Traditional employee surveys tend to focus on the wrong things—such as satisfaction, quality of work life, and other employee-centric elements—or they fail to explicitly link what is assessed in the survey to business needs, says Dr Neal Knight-Turvey in the latest Employment Today.
Knight-Turvey, research director of workplace survey specialists JRA and managing director of JRA Australia, says he never ceases to be amazed by the number of blank stares he gets when he asks: “What elements of your business strategy do we need to include in your staff survey?”
For almost a century now, organisations have carried out surveys that only assess one side of the employer-employee exchange, he says. “They reveal what the employee gets from the employment relationship, but they fail to inform the employer what they get in return.”
This is neither strategic nor likely to improve organisational functioning. Rather, says Knight-Turvey, an employee survey should measure the things that actually make a difference to organisational performance, such as how well employees understand and believe in the organisation’s vision and purpose.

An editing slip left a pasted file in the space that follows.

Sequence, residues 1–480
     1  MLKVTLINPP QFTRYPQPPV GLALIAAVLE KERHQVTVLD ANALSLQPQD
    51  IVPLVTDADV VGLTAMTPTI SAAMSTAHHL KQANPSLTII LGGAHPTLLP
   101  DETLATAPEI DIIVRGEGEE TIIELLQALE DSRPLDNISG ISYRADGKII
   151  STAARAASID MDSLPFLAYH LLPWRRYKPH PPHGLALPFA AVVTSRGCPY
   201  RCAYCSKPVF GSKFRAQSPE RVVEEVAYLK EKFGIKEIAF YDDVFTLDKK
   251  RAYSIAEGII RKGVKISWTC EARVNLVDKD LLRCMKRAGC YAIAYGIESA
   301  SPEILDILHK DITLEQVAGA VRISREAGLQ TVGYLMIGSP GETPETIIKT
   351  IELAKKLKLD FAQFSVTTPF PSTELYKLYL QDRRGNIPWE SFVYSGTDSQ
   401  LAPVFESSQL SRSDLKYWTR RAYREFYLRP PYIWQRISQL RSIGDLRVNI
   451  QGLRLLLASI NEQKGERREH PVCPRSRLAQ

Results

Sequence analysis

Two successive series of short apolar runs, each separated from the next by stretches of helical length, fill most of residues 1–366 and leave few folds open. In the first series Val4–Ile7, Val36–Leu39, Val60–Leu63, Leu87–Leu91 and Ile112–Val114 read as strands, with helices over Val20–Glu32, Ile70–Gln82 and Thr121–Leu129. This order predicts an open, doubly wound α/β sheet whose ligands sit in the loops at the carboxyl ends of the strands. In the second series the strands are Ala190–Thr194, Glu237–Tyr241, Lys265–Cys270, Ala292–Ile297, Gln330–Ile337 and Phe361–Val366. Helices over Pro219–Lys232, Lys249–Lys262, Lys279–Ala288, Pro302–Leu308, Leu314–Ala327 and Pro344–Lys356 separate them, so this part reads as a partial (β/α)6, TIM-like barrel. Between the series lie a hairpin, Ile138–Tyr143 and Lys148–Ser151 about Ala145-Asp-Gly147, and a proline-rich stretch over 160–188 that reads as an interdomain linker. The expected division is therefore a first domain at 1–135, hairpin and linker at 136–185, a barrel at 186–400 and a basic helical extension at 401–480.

“A key component of any survey should be measures of employee perceptions of important workplace attributes such as communication, teamwork, supervision, job conditions, and performance management,” he says.
“By measuring these features (known as organisation climate) the organisation has at its fingertips a barometer of what seems to be working well and what needs attention within an organisation in terms of its operating functions.”
To find out more about the role that measuring employee attitude and opinion can play in driving your organisation’s success, and how to go about it, click to read a PDF of the entire Employment Today Survey article.